Eileen Myles: TOP TEN BOOKS


Courtesy of Shae Detar

Eileen Myles, the poet and “loudmouthed lesbian, which means mainstream invisible,” as she described herself to the New York Times, is hardly invisible anymore — when the character of Cherry Jones is based on you in a Golden Globe-winning series (Transparent), invisibility tends to fall away. Combine the current recognition with a 1992 presidential race (Myles ran as an “openly female” write-in candidate), 19 books, four Lambda Book Awards, a Guggenheim Fellowship, an Andy Warhol/Creative Capital Arts Writers grant, chances are Myles won’t fall out of the spotlight any time soon.

Below are Eileen Myles’s favorite books, available to purchase as a set or individually.


Under the Glacier

Halldor Laxness
It’s like Iceland’s great novelist won a Nobel prize and went to Hollywood and then came home and wrote about how weird Iceland is having really seen the world. Laxness always writes about nature like a visionary.
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Maud Martha

Gwendolyn Brooks
It’s one of the most spatially poetic novels ever. Each room Maud Martha lives in is grown by the very cautious and awesome pace of her language.
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The Book of Frank

Conrad’s mysterious American haiku are inky and dirty and disturbing and finally madly dancing on its one good leg forever. This book is a total masterpiece.
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Supplication: Selected Poems of John Wieners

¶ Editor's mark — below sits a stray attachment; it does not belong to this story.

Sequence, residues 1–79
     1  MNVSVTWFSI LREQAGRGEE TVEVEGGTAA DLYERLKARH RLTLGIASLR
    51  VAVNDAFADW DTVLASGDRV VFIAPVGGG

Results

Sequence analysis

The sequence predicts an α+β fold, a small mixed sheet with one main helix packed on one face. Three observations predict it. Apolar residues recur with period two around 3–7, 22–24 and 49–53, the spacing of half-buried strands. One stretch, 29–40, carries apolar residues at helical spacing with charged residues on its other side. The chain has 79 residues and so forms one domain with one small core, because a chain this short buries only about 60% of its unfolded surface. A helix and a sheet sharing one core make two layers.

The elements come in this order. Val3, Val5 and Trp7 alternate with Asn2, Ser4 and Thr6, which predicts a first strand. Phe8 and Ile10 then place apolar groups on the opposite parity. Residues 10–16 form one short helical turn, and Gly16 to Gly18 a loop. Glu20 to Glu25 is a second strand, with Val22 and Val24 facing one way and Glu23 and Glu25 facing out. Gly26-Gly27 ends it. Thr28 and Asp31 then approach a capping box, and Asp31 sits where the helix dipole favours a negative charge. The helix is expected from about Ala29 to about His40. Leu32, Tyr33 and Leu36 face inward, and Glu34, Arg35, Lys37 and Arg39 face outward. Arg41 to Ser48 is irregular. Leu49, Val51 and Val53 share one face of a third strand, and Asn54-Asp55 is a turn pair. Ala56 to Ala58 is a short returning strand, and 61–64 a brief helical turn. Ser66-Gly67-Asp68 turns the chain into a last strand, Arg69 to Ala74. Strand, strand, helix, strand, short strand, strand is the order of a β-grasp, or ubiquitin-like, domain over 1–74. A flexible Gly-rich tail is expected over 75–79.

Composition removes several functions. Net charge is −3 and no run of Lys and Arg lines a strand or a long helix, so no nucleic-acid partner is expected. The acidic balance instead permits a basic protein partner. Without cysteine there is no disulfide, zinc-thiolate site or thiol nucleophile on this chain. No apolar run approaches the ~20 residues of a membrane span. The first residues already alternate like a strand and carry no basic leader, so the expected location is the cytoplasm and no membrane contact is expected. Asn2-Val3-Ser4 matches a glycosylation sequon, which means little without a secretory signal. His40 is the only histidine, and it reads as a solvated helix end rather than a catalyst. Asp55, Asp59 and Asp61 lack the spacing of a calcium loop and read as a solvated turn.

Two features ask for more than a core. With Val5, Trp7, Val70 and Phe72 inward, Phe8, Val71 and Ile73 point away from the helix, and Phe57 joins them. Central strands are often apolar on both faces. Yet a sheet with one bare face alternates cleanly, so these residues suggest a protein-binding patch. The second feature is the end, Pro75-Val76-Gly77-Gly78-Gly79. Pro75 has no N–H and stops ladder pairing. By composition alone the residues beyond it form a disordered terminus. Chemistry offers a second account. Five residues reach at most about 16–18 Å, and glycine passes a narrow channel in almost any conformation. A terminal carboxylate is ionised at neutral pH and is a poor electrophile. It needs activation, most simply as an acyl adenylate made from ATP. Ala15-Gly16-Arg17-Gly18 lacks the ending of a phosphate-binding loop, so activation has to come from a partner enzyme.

John Wieners
The Hotel Wentley poems are nested in here, and they are the most grandly erotic and heartfelt homosexual sketches about living out of time in friendship on the edge, and seeing the whole trembling picture of mid century America from there.
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Winter in the Blood

James Welch
This novel proves there is no greater altered state than a hangover, and poet novelist Welch has the surrealist chops to prove it.
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Rose of No Man’s Land

Michelle Tea
Michelle is our real Charles Dickens, and this small novel is working class perfection itself: in a mall, young, gay, punk, and in love for the first time.
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Jan Morris
Her woman is shockingly conventional, yet to read this great travel writer’s account of transition is to understand the word “journey” truly.
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Selected Poems

Medbh McGuckian
Ireland’s best living poet is a shimmering candle of a catholic, and a fiercely female, starkly domestic shaman of the first order. Each time I read Medbh McGuckian she reorders my brain.
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The Master and Margarita

Mikhail Bulgakov
Bulgakov’s suffering under censorship yielded this sparkling novel in which Pontius Pilate shares space with a giant floating black cat, and elsewhere a man confined to a mental hospital for political reasons probably dreamed up the whole thing.
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Djuna Barnes
This is like a dark lesbian genius rolling in a giant heap of damp, dead leaves. What a great, shaking, grieving party this book is — the best.
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